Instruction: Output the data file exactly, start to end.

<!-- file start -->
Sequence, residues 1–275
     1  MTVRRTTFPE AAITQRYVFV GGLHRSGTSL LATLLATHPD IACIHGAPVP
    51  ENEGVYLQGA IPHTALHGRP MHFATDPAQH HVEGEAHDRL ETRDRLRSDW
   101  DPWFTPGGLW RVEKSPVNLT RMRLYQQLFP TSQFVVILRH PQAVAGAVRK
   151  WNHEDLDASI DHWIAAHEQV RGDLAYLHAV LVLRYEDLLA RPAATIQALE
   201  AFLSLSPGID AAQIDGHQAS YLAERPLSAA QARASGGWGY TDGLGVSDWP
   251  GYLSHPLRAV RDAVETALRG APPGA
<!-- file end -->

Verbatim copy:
Sequence, residues 1–275
     1  MTVRRTTFPE AAITQRYVFV GGLHRSGTSL LATLLATHPD IACIHGAPVP
    51  ENEGVYLQGA IPHTALHGRP MHFATDPAQH HVEGEAHDRL ETRDRLRSDW
   101  DPWFTPGGLW RVEKSPVNLT RMRLYQQLFP TSQFVVILRH PQAVAGAVRK
   151  WNHEDLDASI DHWIAAHEQV RGDLAYLHAV LVLRYEDLLA RPAATIQALE
   201  AFLSLSPGID AAQIDGHQAS YLAERPLSAA QARASGGWGY TDGLGVSDWP
   251  GYLSHPLRAV RDAVETALRG APPGA